Stories and insights on excellent education.
Child’s Play: Cardboard, Creativity, and a Lot of Laughter
John Stone – October 3, 2018
Last week, my organization — The Paper Bag Players — honored Eva Moskowitz with The Susan Newhouse Award, which we give each year to an individual who has demonstrated exceptional support of our mission and vision. The Paper Bag Players is a performing arts organization founded 60 years ago by modern dancers, along with an actor and musician. The “Bags” use movement and the exuberant and creative use of simple materials to make magical musical theater (watch our 60th anniversary commemorative video to see our work!). Each year, we perform for approximately 5,000 Success Academy students.
Last week, my organization — The Paper Bag Players — honored Eva Moskowitz with The Susan Newhouse Award
At the luncheon where she accepted the award, Ms. Moskowitz gave a moving speech in which she shared her thoughts about our organization. She recalled that when first approached to found and lead Success Academy, she had asked for three things: Science every day, chess instruction for all her kids, and the opportunity for every Success Academy student to see the Paper Bag Players! I was delighted and amazed to discover the depth of her insight and understanding of what we do. Quite honestly, it is rare to find someone who “gets” the Paper Bag Players in the way that she clearly does.
I discovered that, like me, Ms. Moskowitz grew up going to the Paper Bag Players as a child. She was mesmerized by the lyricism of the performances, the humor, playfulness, and the way they connected abstraction with a concrete vision. (Her mother was so inspired by the performances that each year she made Halloween costumes out of paper bags for her daughter!).
Ironically, when the founders first launched the Paper Bag Players in 1958, they did not intend it primarily for children. They simply wanted to celebrate the active use of imagination and the endless possibilities it created — even out of the most rudimentary materials. Everything they used in the performances — costumes, sets, and props — were made out of paper bags and cardboard. The idea was that by minimizing supporting materials, they could engage the audience’s imaginative capabilities in a way most theater did not.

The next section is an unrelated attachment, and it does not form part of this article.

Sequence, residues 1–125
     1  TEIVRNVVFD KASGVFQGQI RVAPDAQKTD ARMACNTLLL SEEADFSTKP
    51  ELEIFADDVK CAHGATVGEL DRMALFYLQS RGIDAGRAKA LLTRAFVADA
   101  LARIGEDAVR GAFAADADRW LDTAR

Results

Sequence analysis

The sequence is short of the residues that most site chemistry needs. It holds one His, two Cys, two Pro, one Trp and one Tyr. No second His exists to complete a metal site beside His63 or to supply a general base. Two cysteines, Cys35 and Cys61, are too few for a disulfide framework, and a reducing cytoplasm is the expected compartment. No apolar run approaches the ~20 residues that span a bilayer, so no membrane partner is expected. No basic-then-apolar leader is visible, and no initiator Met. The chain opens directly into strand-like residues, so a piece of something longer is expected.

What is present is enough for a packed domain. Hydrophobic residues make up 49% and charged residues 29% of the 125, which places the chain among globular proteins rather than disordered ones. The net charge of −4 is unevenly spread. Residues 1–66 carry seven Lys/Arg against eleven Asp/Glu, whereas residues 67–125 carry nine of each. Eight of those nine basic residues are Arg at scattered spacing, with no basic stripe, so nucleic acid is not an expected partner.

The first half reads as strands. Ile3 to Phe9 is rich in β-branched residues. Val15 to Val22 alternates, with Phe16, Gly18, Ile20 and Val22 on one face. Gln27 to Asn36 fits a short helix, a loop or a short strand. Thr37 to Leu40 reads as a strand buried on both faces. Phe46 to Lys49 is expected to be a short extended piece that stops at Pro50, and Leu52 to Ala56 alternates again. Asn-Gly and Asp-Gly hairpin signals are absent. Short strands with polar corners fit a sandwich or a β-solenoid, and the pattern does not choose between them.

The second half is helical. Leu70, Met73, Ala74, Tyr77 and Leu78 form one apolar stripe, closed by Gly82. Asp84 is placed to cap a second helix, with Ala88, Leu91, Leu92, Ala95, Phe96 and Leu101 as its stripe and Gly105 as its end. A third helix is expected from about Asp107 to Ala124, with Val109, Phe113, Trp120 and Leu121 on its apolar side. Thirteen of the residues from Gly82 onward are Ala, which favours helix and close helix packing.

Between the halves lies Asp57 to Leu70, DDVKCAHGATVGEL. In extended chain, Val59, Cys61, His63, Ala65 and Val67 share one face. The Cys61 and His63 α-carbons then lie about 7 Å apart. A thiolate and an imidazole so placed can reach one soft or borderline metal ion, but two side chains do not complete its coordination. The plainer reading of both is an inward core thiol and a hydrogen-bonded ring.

It wasn’t long though before children became the Paper Bag Players’ most avid enthusiasts and target audience. Children have innate and immediate access to the kind of creative playfulness the company was seeking to capture — they can build a world out of a few empty soda cans or a couple of sticks. To this day, children respond to simple pieces of magic in our performances — a spaceship made out of cardboard, for example, or a winter coat made from paper bags — with screams of delight.
Today, our mission is still to create artistic theater of the highest quality with materials that children can easily get ahold of, so that they can be inspired in the same way that they inspire us. We want to help children develop an appreciation of the arts, but even more, we want to spark their excitement about using creative tools for fun and self-expression. With arts education always endangered in our schools, we seek to reach as many children as possible, so that they can experience theater’s benefits and delights. We are particularly committed to reaching children who have been exposed to the least in their lives: we have found that they are often the most excited and engaged by our performances.
Eva Moskowitz has been a true champion of this mission. Her appreciation of what the Paper Bag Players offer, and her conviction that every child deserves magical musical theater experiences, has allowed us to share our work with generations of Success Academy students. But beyond just Success Academy, her steadfast support has helped our organization flourish as we head into the seventh decade of our existence, allowing us to bring joy and laughter to thousands of children across the Northeast.
Left to right: Judi Rappoport Blitzer (board member), Audrey Reilly (Managing Director), Vicky Kuperman (Assistant), Kevin Richard Woodall (co-director, cast member), Ted Brackett (Artistic director, cast member), Eva Moskowitz, Lily Emilia Smith (cast member), John Stone (musical director, composer), Kathy Mele (former board president). Front: Judy Liss (Founding Managing Director)
Credit: Vensley Greene
Paper Bag Player Photo Credit: Gerry Goodstein